New RN, 6 days orientation, night shift. Seeking advice!!

  1. 0
    Hi everyone, I am a new RN, and found a job in a skilled nursing facility. I had six days of orientation already, day time. But I will do night shift once I start working. While I am learning and improving everyday, I still think I will be overwhelmed when I am on my own. I need to pass meds to more than 40 patients at night, and at the same time, I will be the charge nurse of the facility. I really need your valuable suggestions and tips. Please help me! Thank you very much!

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  2. 10 Comments...

  3. 0
    I've never worked LTC and don't have any desire to. 6 days sounds generous for LTC based on what I've read here.

    40 is a lot. I'd say do the best you can. Ask aides for help on what each resident likes so you can get to know them. Don't get bogged down the with trying to be a super nurse. Delegate when possible. Don't make dangerous shortcuts. I've read so many stories on here about how short cuts made someone lose their job or put patient safety in jedorady.

    Good luck in your new position. I'm sure there are plenty of nurses who can offer more advise. I'm sure your experience will be great for any future endeavors you pursue.
  4. 1
    I've just come off of a very short orientation as well. I just did my first night shift in charge of the facilities low care, high care and dementia unit. Luckily the AINs (Australian for CNA) were very experienced and practically ran the show. I did have a few incidents where I had to use my nursing judgement. I utilised my AINs and offered to help them when I could as well. I saw an amazing team of nursing staff come together and they all helped me out with the med passes. Because they know the residents I had one come with me in each unit and they took me to each residents room. So that saved a lot of time, and being night shift my only meds were at 05:00 and 06:00. I took a couple of BSLs and BP's through the night on residents that woke feeling dizzy and flushed. Assisted another resident through a huge constipation battle, poor thing.

    Overall my very limited advice is to start by taking a deep breath and backing yourself. Beleive in yourself, you have the knowledge to do this now you just need the experience. Utilise your CNA's and remember they are there for the residents and for you as you are responsible for the care they give to your residents. Ask them to help you out as much as is within their scope of practice. Don't cut corners, although many show us how to do that, really don't do it and try and find your own way that is also time efficient but safe.

    My toughest part of the night was handing over to the morning RN (who made it a point of telling me that SHE had been a Nurse since 1973). She was rude to me, wanted me to cut corners with the morning meds, complained that 'why didn't they call in someone more experienced like her to do the night shift', whinged about me not getting the DR folder out for rounds (I showed her the large red writting that said 'Don't worry about that'), and then she whinged to my AINs about me... I know she did this because one of them told me not to listen to what anyone else has to say, because I did a fantastic job last night. So I held onto that and forgot about the cranky morning RN who didn't listen to me give handover (report) but then before I left asked for my handover sheet. LOL.

    Have a great shift. You will be fine.
    sallyrnrrt likes this.
  5. 0
    Quote from eatmysoxRN
    I've never worked LTC and don't have any desire to. 6 days sounds generous for LTC based on what I've read here.

    40 is a lot. I'd say do the best you can. Ask aides for help on what each resident likes so you can get to know them. Don't get bogged down the with trying to be a super nurse. Delegate when possible. Don't make dangerous shortcuts. I've read so many stories on here about how short cuts made someone lose their job or put patient safety in jedorady.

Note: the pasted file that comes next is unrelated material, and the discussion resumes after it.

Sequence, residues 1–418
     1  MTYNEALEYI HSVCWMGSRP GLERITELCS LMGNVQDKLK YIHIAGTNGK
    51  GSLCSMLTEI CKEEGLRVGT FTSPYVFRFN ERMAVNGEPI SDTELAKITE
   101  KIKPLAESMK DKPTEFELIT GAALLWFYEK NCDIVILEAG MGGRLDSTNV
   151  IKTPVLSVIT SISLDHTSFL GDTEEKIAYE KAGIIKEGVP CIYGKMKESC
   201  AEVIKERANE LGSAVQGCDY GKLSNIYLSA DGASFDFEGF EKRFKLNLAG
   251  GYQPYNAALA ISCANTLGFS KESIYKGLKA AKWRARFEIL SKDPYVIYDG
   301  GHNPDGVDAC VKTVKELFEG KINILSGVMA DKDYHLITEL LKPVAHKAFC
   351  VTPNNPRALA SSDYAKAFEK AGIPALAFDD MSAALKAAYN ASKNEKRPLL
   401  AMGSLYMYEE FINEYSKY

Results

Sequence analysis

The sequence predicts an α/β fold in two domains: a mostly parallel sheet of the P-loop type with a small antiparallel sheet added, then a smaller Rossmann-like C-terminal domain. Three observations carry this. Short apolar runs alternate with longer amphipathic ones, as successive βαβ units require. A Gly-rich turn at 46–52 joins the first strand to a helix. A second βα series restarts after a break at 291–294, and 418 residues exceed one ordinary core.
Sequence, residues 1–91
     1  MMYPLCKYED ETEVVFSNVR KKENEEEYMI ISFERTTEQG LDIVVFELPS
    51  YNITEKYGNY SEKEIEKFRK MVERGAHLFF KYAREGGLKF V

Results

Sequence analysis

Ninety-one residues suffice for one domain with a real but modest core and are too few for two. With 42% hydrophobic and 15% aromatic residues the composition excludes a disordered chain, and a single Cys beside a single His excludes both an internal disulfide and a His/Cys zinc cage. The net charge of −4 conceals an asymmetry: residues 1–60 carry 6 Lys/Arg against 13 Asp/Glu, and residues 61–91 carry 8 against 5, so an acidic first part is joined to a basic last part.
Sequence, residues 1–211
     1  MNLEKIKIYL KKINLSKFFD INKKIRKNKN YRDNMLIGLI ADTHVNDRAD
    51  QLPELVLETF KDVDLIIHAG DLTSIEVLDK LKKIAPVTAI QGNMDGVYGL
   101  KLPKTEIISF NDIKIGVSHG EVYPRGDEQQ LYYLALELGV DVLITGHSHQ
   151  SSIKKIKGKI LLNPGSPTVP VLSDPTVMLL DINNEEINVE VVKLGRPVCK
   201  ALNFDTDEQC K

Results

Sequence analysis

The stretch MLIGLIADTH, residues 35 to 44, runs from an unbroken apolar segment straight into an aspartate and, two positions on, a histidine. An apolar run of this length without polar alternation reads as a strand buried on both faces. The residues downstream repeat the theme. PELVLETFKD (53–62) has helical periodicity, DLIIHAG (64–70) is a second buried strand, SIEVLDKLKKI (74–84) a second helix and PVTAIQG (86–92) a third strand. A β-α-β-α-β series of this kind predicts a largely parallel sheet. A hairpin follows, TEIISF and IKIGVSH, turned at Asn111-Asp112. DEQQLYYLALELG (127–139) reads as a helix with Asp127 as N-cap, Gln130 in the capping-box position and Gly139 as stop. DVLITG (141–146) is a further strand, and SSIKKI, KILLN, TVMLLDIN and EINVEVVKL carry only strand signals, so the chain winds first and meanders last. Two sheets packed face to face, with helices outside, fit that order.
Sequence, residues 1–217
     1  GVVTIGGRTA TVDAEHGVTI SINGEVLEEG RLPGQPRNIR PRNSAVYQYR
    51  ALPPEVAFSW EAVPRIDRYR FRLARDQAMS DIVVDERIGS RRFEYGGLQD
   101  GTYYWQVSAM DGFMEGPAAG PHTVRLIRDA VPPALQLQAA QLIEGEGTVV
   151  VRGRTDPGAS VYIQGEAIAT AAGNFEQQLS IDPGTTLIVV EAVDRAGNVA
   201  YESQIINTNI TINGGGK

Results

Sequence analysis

Good luck in your new position. I'm sure there are plenty of nurses who can offer more advise. I'm sure your experience will be great for any future endeavors you pursue.
    Thank you for the suggestion!

    You are right, don't make shortcuts! They can be dangerous! But I have a concern, if I check everything before I give meds, I will never finish the job on time. For example, three checks when you give meds as we were taught in nursing school.
  6. 0
    Quote from snazzy-jazzy
    I've just come off of a very short orientation as well. I just did my first night shift in charge of the facilities low care, high care and dementia unit. Luckily the AINs (Australian for CNA) were very experienced and practically ran the show. I did have a few incidents where I had to use my nursing judgement. I utilised my AINs and offered to help them when I could as well. I saw an amazing team of nursing staff come together and they all helped me out with the med passes. Because they know the residents I had one come with me in each unit and they took me to each residents room. So that saved a lot of time, and being night shift my only meds were at 05:00 and 06:00. I took a couple of BSLs and BP's through the night on residents that woke feeling dizzy and flushed. Assisted another resident through a huge constipation battle, poor thing.

    Overall my very limited advice is to start by taking a deep breath and backing yourself. Beleive in yourself, you have the knowledge to do this now you just need the experience. Utilise your CNA's and remember they are there for the residents and for you as you are responsible for the care they give to your residents. Ask them to help you out as much as is within their scope of practice. Don't cut corners, although many show us how to do that, really don't do it and try and find your own way that is also time efficient but safe.

    My toughest part of the night was handing over to the morning RN (who made it a point of telling me that SHE had been a Nurse since 1973). She was rude to me, wanted me to cut corners with the morning meds, complained that 'why didn't they call in someone more experienced like her to do the night shift', whinged about me not getting the DR folder out for rounds (I showed her the large red writting that said 'Don't worry about that'), and then she whinged to my AINs about me... I know she did this because one of them told me not to listen to what anyone else has to say, because I did a fantastic job last night. So I held onto that and forgot about the cranky morning RN who didn't listen to me give handover (report) but then before I left asked for my handover sheet. LOL.

    Have a great shift. You will be fine.
    Congratulations to your first noct shift!!! Ignore the negative comments from the rude nurse.